Ownership does not establish authorship
The explosion in texting, tweeting and other forms of electronic communication includes an exponential increase in their use by criminals and myriad problems regarding their use as evidence.
Historically, technology has advanced ahead of the law, and that especially is so regarding personal communications devices.
Prosecutors in Pennsylvania successfully have used recovered text messages to demonstrate arrangements made by drug dealers, to establish times that certain people were at certain places, and so on.
Texts, tweets and other messages also have come into play in civil matters ranging from divorce cases to workers compensation and personal injury claims.
Recently the state Supreme Court agreed to hear a case that demonstrates the need for caution regarding the use of electronic messaging as evidence, in that the owner of a cell phone or an account is not necessarily the person who might have sent an incriminating message.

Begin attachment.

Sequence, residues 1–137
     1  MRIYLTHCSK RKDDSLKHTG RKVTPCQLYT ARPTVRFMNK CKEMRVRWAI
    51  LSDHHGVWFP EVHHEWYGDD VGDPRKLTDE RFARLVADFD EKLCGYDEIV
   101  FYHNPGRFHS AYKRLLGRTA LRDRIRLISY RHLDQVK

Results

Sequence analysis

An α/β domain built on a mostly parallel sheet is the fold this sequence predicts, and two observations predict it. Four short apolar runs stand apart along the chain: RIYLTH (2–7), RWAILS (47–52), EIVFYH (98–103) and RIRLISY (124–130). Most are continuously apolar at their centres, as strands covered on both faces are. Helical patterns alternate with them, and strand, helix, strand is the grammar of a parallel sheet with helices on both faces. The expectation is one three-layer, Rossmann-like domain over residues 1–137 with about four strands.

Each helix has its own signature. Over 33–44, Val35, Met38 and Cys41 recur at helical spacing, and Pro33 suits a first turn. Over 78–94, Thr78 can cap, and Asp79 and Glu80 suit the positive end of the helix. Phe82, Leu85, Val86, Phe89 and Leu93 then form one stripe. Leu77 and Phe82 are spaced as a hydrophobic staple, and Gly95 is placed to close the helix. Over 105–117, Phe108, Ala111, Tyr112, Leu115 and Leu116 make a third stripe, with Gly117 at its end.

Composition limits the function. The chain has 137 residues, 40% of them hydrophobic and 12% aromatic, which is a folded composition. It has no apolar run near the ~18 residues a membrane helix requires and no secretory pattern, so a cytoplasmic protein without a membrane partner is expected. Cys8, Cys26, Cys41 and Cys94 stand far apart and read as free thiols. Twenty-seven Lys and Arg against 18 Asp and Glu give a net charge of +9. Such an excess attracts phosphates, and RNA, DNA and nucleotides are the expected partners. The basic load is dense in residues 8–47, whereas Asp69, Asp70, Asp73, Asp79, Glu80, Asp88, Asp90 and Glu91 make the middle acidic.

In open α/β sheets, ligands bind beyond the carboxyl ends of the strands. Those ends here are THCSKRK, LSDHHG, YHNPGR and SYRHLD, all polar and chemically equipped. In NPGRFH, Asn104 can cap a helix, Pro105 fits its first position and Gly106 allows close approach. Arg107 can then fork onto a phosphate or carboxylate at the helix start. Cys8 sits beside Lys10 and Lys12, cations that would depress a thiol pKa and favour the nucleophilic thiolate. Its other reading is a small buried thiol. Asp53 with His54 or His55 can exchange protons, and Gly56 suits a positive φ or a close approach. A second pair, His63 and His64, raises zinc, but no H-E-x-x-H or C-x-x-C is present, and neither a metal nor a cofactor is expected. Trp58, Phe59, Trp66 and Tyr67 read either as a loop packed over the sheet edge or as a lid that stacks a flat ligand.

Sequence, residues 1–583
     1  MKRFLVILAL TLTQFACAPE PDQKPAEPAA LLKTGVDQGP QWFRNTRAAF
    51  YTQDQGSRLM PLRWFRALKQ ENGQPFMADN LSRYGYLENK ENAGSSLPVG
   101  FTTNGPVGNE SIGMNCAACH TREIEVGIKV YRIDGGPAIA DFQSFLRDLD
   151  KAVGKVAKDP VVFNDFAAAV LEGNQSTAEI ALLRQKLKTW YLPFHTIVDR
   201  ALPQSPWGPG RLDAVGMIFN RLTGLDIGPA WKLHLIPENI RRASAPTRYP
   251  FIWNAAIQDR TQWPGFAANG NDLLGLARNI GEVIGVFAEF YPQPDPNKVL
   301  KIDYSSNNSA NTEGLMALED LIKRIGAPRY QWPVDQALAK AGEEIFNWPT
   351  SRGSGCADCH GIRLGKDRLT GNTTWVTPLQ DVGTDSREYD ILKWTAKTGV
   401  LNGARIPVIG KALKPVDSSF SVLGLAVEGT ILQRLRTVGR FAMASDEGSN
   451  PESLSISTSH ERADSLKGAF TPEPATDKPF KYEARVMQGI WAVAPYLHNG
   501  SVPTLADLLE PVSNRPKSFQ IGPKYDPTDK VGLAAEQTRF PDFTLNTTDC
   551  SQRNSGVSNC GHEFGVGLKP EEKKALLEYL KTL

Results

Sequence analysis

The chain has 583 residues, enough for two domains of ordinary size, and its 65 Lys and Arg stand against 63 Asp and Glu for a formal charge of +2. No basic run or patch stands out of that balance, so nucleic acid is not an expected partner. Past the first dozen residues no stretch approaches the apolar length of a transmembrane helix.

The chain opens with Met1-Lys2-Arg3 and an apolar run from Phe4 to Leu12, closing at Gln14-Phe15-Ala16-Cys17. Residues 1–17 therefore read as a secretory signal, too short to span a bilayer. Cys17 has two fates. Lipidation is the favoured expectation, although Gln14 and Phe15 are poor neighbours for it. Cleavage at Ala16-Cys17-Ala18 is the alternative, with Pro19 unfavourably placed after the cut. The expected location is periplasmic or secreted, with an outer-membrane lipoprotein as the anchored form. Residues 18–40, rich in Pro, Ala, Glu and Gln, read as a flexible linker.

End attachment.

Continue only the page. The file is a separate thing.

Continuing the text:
At issue is the conviction of a Cumberland County woman as being an accomplice to a cocaine dealer, her brother. Evidence at her trial included transcripts of 13 drug-related text messages sent from her phone.
The Superior Court overturned the conviction, stating that there was insufficient evidence that the convicted woman actually had sent the texts. It noted that several of the texts referred to her in the third person, indicating that someone else had written those texts.
The Superior Court was on the right track. if the Supreme Court does not finalize that standard - authorship of incriminating message, rather ownership of phones, computers or accounts as the key issue - lawmakers should do so by specific statute.